Objective: To evaluate whether antioxidant supplements presumed to target specific cellular compartments affected cerebrospinal fluid (CSF) biomarkers. Design: Double-blind, placebo-controlled clinical trial. Setting: Academic medical centers. Participants: Subjects with mild to moderate Alzheimer disease. Intervention: Random assignment to treatment for 16 weeks with 800 IU/d of vitamin E (α-tocopherol) plus 500 mg/d of vitamin C plus 900 mg/d of α-lipoic acid (E/C/ALA); 400 mg of coenzyme Q 3 times/d; or placebo. Main Outcome Measures: Changes from baseline to 16 weeks in CSF biomarkers related to Alzheimer disease and oxidative stress, cognition (Mini-Mental State Examination), and function (Alzheimer's Disease Cooperative Study Activities of Daily Living Scale). Results: Seventy-eight subjects were randomized; 66 provided serial CSF specimens adequate for biochemical analyses. Study drugs were well tolerated, but accelerated decline in Mini-Mental State Examination scores occurred in the E/C/ALA group, a potential safety concern. Changes in CSF Aβ42, tau, and P-tau181 levels did not differ between the 3 groups. Cerebrospinal fluid F2-isoprostane levels, an oxidative stress biomarker, decreased on average by 19% from baseline to week 16 in the E/C/ALA group but were unchanged in the other groups. Conclusions: Antioxidants did not influence CSF biomarkers related to amyloid or tau pathology. Lowering of CSF F2-isoprostane levels in the E/C/ALA group suggests reduction of oxidative stress in the brain. However, this treatment raised the caution of faster cognitive decline, which would need careful assessment if longer-term clinical trials are conducted. Trial Registration: clinicaltrials.gov Identifier: NCT00117403.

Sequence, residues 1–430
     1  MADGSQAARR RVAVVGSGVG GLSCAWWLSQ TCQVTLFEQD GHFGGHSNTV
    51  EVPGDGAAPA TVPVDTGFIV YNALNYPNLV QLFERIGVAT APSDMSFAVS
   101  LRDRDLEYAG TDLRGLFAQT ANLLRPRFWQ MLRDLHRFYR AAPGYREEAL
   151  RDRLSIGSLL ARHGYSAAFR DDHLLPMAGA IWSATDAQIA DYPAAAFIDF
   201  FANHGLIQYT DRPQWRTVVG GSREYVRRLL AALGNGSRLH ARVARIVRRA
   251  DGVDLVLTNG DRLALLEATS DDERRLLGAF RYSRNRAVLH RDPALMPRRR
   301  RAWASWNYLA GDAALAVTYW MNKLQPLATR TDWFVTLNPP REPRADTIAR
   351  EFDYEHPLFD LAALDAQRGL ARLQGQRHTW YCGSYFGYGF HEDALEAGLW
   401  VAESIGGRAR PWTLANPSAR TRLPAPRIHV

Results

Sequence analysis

ASJC Scopus subject areas
- Arts and Humanities (miscellaneous)
- Clinical Neurology